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Diplomacy Watch: White House signals that retaking Crimea is in the cards

Diplomacy Watch: White House signals that retaking Crimea is in the cards

Experts warn that it’s an escalation, but officials say it has been US policy all along.

Analysis | Europe

The New York Times ran a report on Wednesday saying that the United States was “warming” to the idea of helping Ukraine target Crimea. 

Washington — while maintaining that the peninsula is a part of Ukraine — has to this point been hesitant to provide Kyiv with the necessary weaponry to strike against Russia in Crimea. If accurate, this report could mark a significant evolution in the thinking of American officials compared to a year ago when Russia invaded Ukraine and when, as the Times puts it “they were wary of even acknowledging publicly that the United States was providing Stinger antiaircraft missiles for Ukrainian troops.” 

It is unclear what precise larger strategy the United States is pursuing. The leak of this change in approach is perhaps an attempt to gain leverage. As the Times story notes, “the Biden administration does not think that Ukraine can take Crimea militarily (…) But, officials said, their assessment now is that Russia needs to believe that Crimea is at risk, in part to strengthen Ukraine’s position in any future negotiations.” 

But even if the goal is to eventually gain leverage in negotiations, such a decision could carry risks in the short term. “Helping Ukraine to threaten Russia's hold on Crimea is not in U.S. interests,” wrote James Acton, co-director of the Nuclear Policy Program at the Carnegie Endowment for International Peace, in a Twitter thread that laid out the possible rationales and ramifications of this report. The thread later read “For a range of political and strategic reasons, I believe that the risks of Putin's using nuclear weapons would go up significantly, if he believes his hold on Crimea is threatened.”

The reporting suggests that the administration’s possible pivot to what the Times calls “one of its boldest moves yet” is motivated in part by officials’ belief that the risk of Russia retaliating by deploying tactical nuclear weapons has diminished, though not disappeared. There is no clear evidence as to why this fear is reduced, and, as Stephen Wertheim, senior fellow at the Carnegie, argues on Twitter “the fact that Russia has not used nuclear weapons yet is poor evidence that it would not do so to protect Crimea.” For its part, Moscow has continued its nuclear saber-rattling. In a post on the Telegram messaging app this week, former Russian President Dmitry Medvedev warned, “The defeat of a nuclear power in a conventional war may trigger a nuclear war.”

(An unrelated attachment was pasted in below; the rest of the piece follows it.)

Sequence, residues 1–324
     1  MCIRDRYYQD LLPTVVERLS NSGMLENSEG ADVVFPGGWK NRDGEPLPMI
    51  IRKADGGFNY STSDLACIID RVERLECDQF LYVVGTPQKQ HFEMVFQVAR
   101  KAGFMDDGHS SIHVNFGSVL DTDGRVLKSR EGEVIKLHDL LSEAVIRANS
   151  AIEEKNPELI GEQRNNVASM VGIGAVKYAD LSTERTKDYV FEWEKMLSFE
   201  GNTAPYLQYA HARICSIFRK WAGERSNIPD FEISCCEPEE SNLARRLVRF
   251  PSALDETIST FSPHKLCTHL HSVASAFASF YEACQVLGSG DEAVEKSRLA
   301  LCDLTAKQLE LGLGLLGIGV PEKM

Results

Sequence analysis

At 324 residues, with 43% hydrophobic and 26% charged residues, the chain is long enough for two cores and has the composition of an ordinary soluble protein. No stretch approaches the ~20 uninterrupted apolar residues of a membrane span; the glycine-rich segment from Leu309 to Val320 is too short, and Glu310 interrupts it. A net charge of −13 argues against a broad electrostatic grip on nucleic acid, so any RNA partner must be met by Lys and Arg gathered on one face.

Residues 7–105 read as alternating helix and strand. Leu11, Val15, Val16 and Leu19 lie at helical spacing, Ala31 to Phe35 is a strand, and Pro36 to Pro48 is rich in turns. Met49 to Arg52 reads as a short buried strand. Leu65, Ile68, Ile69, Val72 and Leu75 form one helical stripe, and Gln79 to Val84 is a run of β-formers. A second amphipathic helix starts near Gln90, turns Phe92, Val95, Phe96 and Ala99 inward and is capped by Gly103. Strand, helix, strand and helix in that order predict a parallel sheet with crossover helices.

In two separate press briefings this week, spokespeople for the administration did not directly dispute the reporting, though they did downplay its significance, saying that the United States has always considered Crimea to be a part of Ukraine and that that has not changed. 

At the State Department on Wednesday, Ned Price said “Crimea is Ukraine. We are, of course, not making targeting decisions on behalf of our Ukrainian partners. These decisions are up to them. But as you know, the United States and countries around the world have never recognized Russia’s purported annexation of parts of eastern Ukraine or its purported annexation of Crimea. (...)  We have provided our Ukrainian partners with precisely what they need to take on the threat where it is raging most violently. Right now that is in the east, it’s in the Donbas. This has been the case for some time.”

The following day, Pentagon spokeswoman Sabrina Singh doubled down, saying that the Department of Defense would continue its support of Ukraine as long as necessary. “That includes an operation in Crimea. That is a sovereign part of their country and they have every right to take that back.” 

In other diplomatic news related to the war in Ukraine:

—A high-level U.S-delegation, which included Under Secretary of Defense for Policy Colin Kahl, Deputy Secretary of State Wendy Sherman, and Deputy National Security Advisor Jon Finer traveled to Kyiv on Monday to meet with President Zelensky and other senior Ukrainian officials. According to a Pentagon readout, the purpose of the trip was to “reaffirm the United States' strong and steadfast commitment to Ukraine and its defense against Russia's unprovoked aggression.”

—A number of countries are preparing to send substantial arms packages to Ukraine: The United Kingdom will send fourteen tanks and other sophisticated military equipment; the U.S. is expected to announce a major new weapons package for Ukraine, including additional artillery, ammunition, and armored vehicles; the Netherlands plans to send a Patriot missile defense; and Poland—which last week pledged to send Leopard tanks to Ukraine—and Lithuania pressured Germany to send their own tanks.

—Germany’s defense minister, Christine Lambrecht, resigned Monday, amid questions surrounding Berlin’s response to the war in Ukraine. 

— Top U.S. and European defense officials will meet at Ramstein Air Base in Germany on Friday to discuss the war in Ukraine. In RS on Thursday, Anatol Lieven laid out the key questions these defense chiefs should —but likely will not— be asking themselves.

—The Washington Post reported on Thursday that CIA director Bill Burns had a secret meeting with Zelensky in Kyiv late last week to brief the Ukrainian president on expectations regarding Russia's military plans in the coming weeks and months.

U.S. State Department news:
The State Department held its regular press briefing on Wednesday.

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